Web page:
Now, imagine there is no "dollar." Imagine, instead, that you have to get paid in Capri Sun. That seems a real inconvenience, since you probably don't have much room in your home to store the stuff, and the time required to sell it off would likely be prohibitive. And without a medium called the "dollar" to smooth that transaction, it's all barter. And since your factory probably makes enough Capri Sun to quench the thirst of an entire state, it likely would have little value in your hometown, making you rely on traders, which is cumbersome... it's all very difficult.

However, you don't necessarily have to be paid in the stuff itself. Instead, you could be paid in "Capri Sun Dollars," or something like that. They'd probably have an expiration, which would preferably be connected to the shelf life of the product. Now, you can store a lot more Capri Sun in your house; they can be redeemed for Capri Sun anywhere they are presented. Shipping them would be easier; you could ship them via first class mail, and let traders and companies worry about getting the product around. But, you still have to trade it yourself...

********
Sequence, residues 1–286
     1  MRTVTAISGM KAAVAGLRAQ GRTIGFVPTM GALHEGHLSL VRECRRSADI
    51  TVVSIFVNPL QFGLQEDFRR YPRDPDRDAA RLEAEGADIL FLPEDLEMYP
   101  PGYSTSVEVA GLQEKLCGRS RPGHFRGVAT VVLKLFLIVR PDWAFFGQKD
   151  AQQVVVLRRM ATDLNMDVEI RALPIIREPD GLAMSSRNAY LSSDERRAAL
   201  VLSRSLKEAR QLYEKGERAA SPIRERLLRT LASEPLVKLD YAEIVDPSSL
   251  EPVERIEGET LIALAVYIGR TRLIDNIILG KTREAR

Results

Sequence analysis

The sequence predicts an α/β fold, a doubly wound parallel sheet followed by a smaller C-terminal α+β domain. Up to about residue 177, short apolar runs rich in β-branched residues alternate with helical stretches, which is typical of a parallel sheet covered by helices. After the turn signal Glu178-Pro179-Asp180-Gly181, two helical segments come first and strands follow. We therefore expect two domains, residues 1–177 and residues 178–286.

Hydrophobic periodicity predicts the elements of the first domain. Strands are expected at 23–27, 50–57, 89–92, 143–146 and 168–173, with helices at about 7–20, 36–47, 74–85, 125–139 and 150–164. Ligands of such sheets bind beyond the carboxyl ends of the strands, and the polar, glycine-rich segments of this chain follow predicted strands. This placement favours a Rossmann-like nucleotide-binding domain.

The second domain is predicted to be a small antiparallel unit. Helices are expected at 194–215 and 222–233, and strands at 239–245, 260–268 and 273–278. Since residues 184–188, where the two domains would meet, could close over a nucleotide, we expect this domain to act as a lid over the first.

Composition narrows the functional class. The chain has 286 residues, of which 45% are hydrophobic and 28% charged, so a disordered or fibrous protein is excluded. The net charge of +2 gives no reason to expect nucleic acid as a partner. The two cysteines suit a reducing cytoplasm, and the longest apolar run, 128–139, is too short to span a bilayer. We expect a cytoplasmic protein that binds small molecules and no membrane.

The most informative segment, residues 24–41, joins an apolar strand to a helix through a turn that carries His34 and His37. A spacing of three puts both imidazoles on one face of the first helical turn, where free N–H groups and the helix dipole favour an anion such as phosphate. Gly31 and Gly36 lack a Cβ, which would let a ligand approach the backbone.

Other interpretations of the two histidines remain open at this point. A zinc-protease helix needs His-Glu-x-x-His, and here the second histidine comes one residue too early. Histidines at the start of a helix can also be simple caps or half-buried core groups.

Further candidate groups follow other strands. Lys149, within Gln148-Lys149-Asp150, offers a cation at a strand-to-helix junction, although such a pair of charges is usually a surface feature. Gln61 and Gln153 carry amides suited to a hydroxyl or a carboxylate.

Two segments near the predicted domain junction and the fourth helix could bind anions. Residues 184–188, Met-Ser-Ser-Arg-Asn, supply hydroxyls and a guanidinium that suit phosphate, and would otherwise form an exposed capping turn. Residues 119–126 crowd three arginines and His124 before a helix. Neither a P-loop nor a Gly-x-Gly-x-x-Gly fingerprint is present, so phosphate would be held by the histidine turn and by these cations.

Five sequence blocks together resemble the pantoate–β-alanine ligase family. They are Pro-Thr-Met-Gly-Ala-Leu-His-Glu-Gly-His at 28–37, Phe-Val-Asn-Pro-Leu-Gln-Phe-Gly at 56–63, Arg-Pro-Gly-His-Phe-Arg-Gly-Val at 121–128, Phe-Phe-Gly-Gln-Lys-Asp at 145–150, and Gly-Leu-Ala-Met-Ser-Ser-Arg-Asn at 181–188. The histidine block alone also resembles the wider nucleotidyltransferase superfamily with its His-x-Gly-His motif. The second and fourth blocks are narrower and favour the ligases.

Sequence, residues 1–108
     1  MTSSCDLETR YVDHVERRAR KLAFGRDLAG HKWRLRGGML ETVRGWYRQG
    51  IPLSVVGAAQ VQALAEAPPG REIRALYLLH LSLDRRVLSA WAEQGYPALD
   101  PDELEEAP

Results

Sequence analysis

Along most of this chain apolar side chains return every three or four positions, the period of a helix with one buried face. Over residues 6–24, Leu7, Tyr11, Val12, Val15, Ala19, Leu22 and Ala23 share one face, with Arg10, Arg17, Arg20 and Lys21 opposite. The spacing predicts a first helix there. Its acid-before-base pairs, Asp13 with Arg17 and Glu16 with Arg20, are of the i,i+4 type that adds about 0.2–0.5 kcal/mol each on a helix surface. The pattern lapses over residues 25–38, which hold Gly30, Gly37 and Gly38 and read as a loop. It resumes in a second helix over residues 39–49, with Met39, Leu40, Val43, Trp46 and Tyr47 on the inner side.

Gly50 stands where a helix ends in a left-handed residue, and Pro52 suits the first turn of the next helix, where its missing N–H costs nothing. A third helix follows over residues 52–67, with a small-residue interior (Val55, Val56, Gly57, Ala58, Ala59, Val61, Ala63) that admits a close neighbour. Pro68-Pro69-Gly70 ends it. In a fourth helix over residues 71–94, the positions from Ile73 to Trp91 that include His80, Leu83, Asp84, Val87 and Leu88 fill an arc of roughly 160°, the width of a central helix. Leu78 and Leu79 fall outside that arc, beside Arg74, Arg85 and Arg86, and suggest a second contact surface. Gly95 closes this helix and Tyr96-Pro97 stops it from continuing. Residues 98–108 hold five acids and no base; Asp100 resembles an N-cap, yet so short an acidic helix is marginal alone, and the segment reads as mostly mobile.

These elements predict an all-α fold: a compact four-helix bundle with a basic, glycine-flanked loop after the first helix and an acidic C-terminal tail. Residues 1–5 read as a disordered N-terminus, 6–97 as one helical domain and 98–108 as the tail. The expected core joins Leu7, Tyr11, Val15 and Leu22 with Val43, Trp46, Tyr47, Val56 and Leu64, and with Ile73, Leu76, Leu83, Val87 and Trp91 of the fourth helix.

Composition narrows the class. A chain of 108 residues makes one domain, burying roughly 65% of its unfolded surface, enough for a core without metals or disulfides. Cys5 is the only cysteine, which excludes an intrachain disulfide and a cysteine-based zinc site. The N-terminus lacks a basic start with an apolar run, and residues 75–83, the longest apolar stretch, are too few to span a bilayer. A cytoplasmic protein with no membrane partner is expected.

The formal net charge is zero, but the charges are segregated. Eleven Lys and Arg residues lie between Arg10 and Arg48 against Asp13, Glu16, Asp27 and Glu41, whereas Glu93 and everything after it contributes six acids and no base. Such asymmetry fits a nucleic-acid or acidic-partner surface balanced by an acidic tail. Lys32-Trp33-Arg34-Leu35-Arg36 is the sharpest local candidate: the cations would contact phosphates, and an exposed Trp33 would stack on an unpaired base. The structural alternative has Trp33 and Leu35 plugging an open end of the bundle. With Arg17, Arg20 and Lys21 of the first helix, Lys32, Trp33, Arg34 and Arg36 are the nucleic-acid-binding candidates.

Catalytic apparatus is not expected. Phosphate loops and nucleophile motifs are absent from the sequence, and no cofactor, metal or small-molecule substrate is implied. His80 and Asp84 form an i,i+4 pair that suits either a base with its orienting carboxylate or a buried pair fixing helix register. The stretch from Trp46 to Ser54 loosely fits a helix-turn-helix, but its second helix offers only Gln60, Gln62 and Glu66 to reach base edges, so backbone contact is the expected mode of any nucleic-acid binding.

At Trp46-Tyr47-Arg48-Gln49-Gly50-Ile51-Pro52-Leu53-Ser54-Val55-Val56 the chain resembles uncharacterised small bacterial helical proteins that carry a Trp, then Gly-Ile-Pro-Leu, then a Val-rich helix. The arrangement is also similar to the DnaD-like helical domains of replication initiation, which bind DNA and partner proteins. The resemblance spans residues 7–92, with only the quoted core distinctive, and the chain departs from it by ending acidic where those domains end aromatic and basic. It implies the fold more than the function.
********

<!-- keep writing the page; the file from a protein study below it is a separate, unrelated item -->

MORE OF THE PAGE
But how bad would that be? I'd bet there'd be some people who would love the opportunity to try their hand at trading. And in this day and age, they wouldn't even have to leave their home to do it; there'd be plenty of places on-line to do it. They'd just deposit their Capri Sun Check with some financial transmission institution (who'd take a small cut for their service in maintaining the integrity of their network), and transmit it to "bigbarterplace.com" where their Capri Sun share would be registered, and they could engage in an exhilerating round of trading. Ebay is already positioned to do this kind of business; they'd just have to allow bids to be in terms of something other than dollars, and act as a sort of "holding center" for product shares. It'd probably be a lot of fun for some folks, and would result in a vibrant economy.